In 2010, the FAA’s GA fatal-accident rate stood at 1.1 per 100,000 flight hours, a year when nearly 500 people lost their lives. By late 2017, the rate had declined to 0.84. Ransbury adds, “Despite the fact the fatal accident rate in GA is on track to drop below one per 100,000 flight hours for the first time in history,” some 347 people are still expected to die in GA accidents. “While airplane upsets are rare, they are exceedingly lethal.”
APS vice president of training and business development Randall Brooks says, “Interest [in LOC-I] is sustained by the brute force of these statistics. More people die in every sector of aviation due to LOC-I than to any other cause. The NTSB has been excellent at keeping this fact in front of the public until we figure out how to change the way we train pilots.” Realistically, however, Brooks adds, “If we look at how we spend our training time versus the LOC problem, there’s a huge gap, yet we continue training pilots the way we always have.”
Can the GA industry learn from the best LOC-I practices of Part 121 pilots? Absolutely. But GA and the airlines are two different beasts. GA pilots, especially those flying for personal pleasure, have little that binds their training together except FAR 61.56, which requires a flight review with a CFI. But those translate into just two hours of training every other year, one on the ground and one in the air.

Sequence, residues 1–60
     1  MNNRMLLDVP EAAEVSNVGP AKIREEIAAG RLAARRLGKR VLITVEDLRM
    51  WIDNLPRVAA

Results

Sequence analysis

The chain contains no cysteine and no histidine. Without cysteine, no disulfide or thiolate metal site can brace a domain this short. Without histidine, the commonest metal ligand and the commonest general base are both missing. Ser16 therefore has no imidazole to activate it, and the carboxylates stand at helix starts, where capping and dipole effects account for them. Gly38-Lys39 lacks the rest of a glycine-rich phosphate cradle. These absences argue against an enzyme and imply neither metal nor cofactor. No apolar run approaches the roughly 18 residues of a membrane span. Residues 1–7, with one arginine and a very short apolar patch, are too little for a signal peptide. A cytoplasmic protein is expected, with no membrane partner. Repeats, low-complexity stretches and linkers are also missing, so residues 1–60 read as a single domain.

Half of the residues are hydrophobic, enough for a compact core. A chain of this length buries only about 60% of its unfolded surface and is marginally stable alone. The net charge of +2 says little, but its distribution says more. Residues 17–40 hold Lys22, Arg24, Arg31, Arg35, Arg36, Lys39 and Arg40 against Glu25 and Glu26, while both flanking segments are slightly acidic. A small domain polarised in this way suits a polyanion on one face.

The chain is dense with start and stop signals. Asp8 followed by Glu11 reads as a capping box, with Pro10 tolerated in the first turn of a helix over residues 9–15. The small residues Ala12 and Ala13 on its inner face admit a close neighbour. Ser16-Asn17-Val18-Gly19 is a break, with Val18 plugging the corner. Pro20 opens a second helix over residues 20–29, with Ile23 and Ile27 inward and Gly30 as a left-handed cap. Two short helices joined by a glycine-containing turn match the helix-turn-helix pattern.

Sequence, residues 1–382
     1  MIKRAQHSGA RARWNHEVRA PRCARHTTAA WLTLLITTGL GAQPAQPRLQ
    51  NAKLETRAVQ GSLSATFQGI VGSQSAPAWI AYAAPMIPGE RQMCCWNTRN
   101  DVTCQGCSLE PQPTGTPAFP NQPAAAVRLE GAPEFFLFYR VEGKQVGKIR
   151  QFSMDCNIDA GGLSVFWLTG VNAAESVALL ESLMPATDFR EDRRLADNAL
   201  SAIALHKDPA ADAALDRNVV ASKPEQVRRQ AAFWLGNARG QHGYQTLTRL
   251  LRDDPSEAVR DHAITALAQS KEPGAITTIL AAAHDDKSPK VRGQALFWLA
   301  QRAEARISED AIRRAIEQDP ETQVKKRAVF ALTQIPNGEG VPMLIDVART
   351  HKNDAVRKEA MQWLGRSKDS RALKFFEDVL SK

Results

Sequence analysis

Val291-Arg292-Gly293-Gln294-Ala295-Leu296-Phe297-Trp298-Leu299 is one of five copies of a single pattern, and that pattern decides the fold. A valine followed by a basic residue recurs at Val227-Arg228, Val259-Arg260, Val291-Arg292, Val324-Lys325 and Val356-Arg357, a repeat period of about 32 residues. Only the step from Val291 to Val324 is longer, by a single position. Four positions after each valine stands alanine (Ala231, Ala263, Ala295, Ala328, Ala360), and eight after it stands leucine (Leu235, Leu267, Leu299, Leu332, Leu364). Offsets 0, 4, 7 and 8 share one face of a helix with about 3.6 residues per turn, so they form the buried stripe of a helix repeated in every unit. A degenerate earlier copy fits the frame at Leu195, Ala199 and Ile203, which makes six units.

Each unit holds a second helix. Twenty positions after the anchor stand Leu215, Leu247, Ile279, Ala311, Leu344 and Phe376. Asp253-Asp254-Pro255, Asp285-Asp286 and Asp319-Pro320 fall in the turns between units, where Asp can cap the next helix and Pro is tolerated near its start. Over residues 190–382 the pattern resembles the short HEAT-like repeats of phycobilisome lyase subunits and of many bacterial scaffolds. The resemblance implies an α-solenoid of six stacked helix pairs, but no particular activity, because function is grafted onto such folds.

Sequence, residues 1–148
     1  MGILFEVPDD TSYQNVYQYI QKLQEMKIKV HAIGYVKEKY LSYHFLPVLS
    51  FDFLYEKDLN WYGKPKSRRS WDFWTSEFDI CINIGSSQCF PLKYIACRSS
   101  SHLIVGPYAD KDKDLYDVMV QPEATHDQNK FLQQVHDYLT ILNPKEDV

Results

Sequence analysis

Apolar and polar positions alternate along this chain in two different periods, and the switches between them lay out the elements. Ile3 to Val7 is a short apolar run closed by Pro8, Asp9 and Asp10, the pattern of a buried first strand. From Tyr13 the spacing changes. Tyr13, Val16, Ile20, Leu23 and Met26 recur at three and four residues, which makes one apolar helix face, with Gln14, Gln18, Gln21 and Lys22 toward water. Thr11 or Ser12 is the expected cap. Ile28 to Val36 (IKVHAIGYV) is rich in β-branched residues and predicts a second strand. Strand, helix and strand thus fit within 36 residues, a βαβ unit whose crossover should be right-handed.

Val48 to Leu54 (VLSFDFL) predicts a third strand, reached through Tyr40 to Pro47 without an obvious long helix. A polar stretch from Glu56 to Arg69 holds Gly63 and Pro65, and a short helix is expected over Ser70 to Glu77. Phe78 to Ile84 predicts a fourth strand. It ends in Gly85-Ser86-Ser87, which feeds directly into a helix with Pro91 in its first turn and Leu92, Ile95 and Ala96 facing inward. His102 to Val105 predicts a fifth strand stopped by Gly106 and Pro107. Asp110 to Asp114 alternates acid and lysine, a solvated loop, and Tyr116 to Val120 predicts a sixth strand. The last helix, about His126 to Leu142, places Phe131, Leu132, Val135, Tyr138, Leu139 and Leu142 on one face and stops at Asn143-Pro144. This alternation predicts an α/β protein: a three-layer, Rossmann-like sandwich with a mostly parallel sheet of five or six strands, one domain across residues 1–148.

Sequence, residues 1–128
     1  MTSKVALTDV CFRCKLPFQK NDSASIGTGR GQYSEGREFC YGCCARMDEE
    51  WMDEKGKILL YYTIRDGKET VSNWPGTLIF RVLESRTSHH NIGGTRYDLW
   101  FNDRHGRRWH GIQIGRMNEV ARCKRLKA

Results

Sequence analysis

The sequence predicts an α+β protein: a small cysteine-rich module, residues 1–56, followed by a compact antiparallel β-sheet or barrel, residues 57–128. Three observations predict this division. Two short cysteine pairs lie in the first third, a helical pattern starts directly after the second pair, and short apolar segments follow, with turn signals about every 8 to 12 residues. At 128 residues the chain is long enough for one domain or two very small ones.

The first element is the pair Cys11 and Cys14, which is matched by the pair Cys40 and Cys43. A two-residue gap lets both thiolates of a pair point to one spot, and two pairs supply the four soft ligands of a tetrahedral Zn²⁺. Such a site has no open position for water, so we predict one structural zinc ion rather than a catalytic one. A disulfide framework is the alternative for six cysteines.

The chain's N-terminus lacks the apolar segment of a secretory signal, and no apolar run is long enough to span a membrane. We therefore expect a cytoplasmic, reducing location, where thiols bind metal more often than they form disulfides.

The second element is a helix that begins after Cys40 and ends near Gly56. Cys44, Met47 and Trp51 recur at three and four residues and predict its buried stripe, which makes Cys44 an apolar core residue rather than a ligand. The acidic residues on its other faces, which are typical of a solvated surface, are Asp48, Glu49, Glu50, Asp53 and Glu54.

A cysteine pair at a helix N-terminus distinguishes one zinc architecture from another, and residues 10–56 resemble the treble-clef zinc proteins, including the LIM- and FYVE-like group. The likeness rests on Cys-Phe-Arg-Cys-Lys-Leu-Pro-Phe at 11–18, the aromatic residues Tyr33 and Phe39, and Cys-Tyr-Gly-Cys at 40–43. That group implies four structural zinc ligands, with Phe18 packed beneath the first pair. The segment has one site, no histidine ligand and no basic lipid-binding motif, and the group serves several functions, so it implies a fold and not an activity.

The Gist of the Problem
Anytime a pilot allows their aircraft to become a sort of airborne tail wagging the dog, a departure from normal flight or loss of control is usually not far behind. The most prominent LOC is the stall-spin, although LOC can be defined as any excursion from normal flight the pilot didn’t expect. In the classic stall-spin scenario, LOC begins with an aircraft slowed to approach speed, often with the gear and flaps in the landing configuration. Poor pilot technique includes overshooting the turn to final and too steep a bank angle close to the ground attempting to recover. Not wanting to steepen the bank angle further, the pilot uses inside rudder to skid the aircraft around. In the skid, the aircraft’s nose drops, with a typical reaction being additional back pressure on the control wheel. That loads the wing as it also increases angle of attack. When the wing does stop flying, the airplane’s reaction is often incredibly quick. In a LOC-I webinar presented by the FAA Safety Team and conducted in late 2017, the Society of Aviation and Flight Educators and the FAA’s 2006 flight instructor of the year and master aerobatics instructor Rich Stowell says, “More than 90 percent of stall-spins occur below 1,000 feet agl … too close to the ground for a recovery.” AOPA’s Air Safety Institute in 2005 revealed that nearly three out of every 10 LOC accidents were stall related. By 2014, that number had declined to approximately two out of 10, with the greatest risk on personal Part 91 flights, where 75 percent of stall accidents occur in good weather. Fully 50 percent of stalls also occur in the traffic pattern. Two-thirds of these accidents beginning between 100 and 200 feet agl were fatal. That number climbed to 75 percent between 200 and 500 feet agl.
The General Aviation Joint Steering Committee, working closely with NASA and the NTSB, in 2011 began analyzing 1,259 LOC-I accidents conducted under Part 91, Part 135 and Part 137 (aerial applications).